The Nov. 2 passing of Roy Hargrove silenced one of the greatest jazz trumpeters of his generation. These 10 tunes illustrate his stylistic range and chart his evolution as a singular jazz voice.
“All Over Again” (from Diamond in the Rough, Novus/RCA 1990)
Even as a 21-year-old whippersnapper, Roy Hargrove demonstrated superlative maturity in crafting cogent passages, bursting with soulful, singable melodies and balletic rhythmic grace. This bossa-nova driven original, from his debut album, shows that he wasn’t too beholden to the hard-bop matrix, as he rides the rhythm with graceful swagger and unfurls sanguine lyricism. The song is also a fine example of the bracing rapport he forged with alto saxophonist Antonio Hart as they blow intertwining improvisations across the rhythm section’s propulsive groove.
“Hartbreaker” (from Public Eye, Novus/RCA 1991)
This blistering hard-bop original is one of Hargrove’s many personal nods to some of his friends and family. In this case, the title alludes to Antonio Hart, the alto saxophonist who shared the frontline in Hargrove’s early recordings. The two certainly strike a flinty accord as evidenced by their twisting unison lines that zoom across a quicksilver tempo, spurred by drummer Billy Higgins and bassist Christian McBride. The song’s melody resembles Freddie Hubbard’s “Birdlike,” and it offers a similar jumping point for balls-to-the-walls improvisations.
“Caryisms” (from The Vibe, Novus/RCA 1992)
Another Hargrove tribute to a band member; this one is for Marc Cary who brought a more soul-funk Lonnie Liston Smith sensibility to the trumpeter’s band. The R&B-laden rhythm bounces to a propulsive groove that allows Hargrove to ease back, showcasing his warm, full-bodied timbre that is the musical equivalent of a glass of Merlot wine. Hart still shares the frontline and issues a searing alto sax solo, worthy of Cannonball Adderley, while Cary – the honoree – hammers out punchy accompaniments underneath the solos before unraveling a percussive, blues-honed solo.
“Soppin’ the Biscuit” (from With the Tenors of Our Time, Verve 1994)
Hargrove always showed great love for his musical elders. On this fantastic hard-bop original, he teams up with Stanley Turrentine, one of several jazz tenor saxophonist veterans who graced With the Tenors of Our Times. Underneath a fetching groove that implies New Orleans’ second-line rhythms, the tune becomes a glowing vehicle for Turrentine’s vinegary-toned blues shouts and Hargrove’s sashaying solo.
“Roy Allan” (from Family, Verve 1995)
This evocative homage to Hargrove’s father, who introduced the trumpeter to ’70s R&B and funk, was one of the first Hargrove tunes to sneak into the setlist of his contemporaries. Rodney Whitaker’s big-boned bassline establishes a melancholic vibe on which Hargrove and tenor saxophonist Ron Blake deliver a pithy unison melody. Eventually, the trumpeter blows one of those now-patented flaring, succinct essays that brims with sumptuous lyricism. With harmonic shades of early-’70s Motown and the rhythmic gait of mid-’90s hip-hop, this tune has become a late-20th century jazz standard.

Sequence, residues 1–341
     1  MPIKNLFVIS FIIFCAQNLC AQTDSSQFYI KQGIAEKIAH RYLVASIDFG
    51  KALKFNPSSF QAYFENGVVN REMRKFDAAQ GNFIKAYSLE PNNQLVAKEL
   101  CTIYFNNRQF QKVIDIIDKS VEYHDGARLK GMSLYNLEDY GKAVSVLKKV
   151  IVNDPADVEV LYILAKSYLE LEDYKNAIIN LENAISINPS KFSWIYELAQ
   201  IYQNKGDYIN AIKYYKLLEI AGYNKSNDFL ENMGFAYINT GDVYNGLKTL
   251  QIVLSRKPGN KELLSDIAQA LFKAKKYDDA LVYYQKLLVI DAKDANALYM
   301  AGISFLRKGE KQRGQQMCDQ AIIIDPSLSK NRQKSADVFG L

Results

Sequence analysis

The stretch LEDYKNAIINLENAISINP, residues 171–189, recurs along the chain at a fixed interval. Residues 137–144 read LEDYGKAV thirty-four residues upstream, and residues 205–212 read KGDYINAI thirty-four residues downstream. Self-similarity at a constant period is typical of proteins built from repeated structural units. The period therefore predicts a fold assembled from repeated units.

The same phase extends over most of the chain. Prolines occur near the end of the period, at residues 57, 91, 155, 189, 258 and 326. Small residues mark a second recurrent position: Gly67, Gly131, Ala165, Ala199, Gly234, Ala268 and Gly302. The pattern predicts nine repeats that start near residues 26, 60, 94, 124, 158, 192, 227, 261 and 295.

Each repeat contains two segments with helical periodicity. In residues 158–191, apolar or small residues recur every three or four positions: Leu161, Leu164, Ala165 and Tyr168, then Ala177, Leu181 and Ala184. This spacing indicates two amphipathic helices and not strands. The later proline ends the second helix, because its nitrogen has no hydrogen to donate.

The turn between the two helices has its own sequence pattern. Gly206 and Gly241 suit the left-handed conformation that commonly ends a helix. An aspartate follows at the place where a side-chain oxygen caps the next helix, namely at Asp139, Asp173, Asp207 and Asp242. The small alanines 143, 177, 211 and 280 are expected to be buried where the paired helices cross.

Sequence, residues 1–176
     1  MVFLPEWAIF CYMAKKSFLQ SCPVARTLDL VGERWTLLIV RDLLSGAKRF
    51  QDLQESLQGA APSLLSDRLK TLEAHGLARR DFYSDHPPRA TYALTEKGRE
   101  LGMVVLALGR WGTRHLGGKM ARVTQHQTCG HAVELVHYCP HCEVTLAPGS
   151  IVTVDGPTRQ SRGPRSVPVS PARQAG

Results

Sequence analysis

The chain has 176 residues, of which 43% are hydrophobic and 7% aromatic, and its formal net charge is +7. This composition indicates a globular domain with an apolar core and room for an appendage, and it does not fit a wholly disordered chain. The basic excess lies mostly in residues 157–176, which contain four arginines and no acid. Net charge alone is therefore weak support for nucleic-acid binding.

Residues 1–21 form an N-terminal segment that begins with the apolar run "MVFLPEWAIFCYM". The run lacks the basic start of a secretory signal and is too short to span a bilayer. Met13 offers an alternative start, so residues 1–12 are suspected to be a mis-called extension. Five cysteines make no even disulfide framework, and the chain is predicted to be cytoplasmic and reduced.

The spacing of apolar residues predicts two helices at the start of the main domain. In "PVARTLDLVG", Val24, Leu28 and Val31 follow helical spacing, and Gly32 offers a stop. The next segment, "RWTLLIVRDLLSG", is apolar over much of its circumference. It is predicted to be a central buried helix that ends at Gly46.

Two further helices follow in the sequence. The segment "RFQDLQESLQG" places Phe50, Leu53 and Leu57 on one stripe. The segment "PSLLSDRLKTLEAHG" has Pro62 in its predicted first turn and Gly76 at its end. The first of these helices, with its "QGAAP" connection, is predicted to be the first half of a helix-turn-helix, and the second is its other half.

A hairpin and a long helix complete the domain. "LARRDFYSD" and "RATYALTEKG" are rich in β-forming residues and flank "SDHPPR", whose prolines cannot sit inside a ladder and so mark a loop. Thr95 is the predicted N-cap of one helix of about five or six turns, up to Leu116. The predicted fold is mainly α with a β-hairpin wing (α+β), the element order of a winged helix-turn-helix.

“Dream Traveler” (from Habana, Verve 1997)
Hargrove switched gears dramatically here, channeling the Cubop legacy of one his heroes – Dizzy Gillespie. Featuring Cristol, a large ensemble of musicians from the U.S. and Cuba, this intoxicating gem demonstrates Hargrove’s rhythmic agility as his supple solo dances across a barreling rumba groove. The album earned Hargrove’s first of two Grammy wins.
“Natural Wonders” (from Moment to Moment, Verve 1999)
Considering Hargrove’s phenomenal gift for delivering ballads, a string-laden outing for him is almost a no-brainer. This suspenseful original gives full testament to his status as one of the greatest jazz balladeers of his generation as he and tenor saxophonist Sherman Irby deliver a luxurious melody that slowly swirls and weaves through his majestic string arrangement.
“Poetry” (from The RH Factor’s Hard Groove, Verve 2003)
After forging a rewarding alliance with the Soulaquarians, a loose-knit collective of hip-hop and modern soul artists that included ?uestlove, D’Angelo, Erykah Badu, and Q-Tip, Hargrove issued his own contribution to early-21st century jazz and hip-hop. On this glowing joint, Hargrove – the jazz trumpeter – takes the spotlight during the bridge between Q-Tip’s rapping and Erykah Badu’s effervescent vocal performance. But Hargrove’s musical voice shines just as brightly by way of his soulful horn arrangement behind Badu.
“Trust” (from Nothing Serious, Verve 2006)
While the early-aughts found Hargrove exploring a lot of hip-hop and modern soul, he didn’t abandon straight-ahead jazz. And this superb ballad conveys his keenness to fold R&B slow-jam sensibilities into modern jazz as he unfurls a pensive melody on flugelhorn that begs for amorous lyrics. He then delivers a gorgeous solo, brimming with late-night sensuality.
“Strasbourg/St. Denis” (from Earfood, EmArcy 2009)
This tantalizing nugget became the Hargrove Quintet’s theme song and another Hargrove original that other jazz musicians interpreted. Danton Boller’s burly bassline initiates the groove that gives way to a spiky melody, articulated by Hargrove and alto saxophonist Justin Robinson. After pianist Gerald Clayton inserts some discreet reggae touches spurred by drummer Montez Coleman, Hargrove and Robinson engage in capricious volley of the seesawing motif. Once Clayton nails a jaunty solo, Hargrove follows suit with staccato riffs that blossom into a dynamic essay solo along with Robinson’s flinty alto.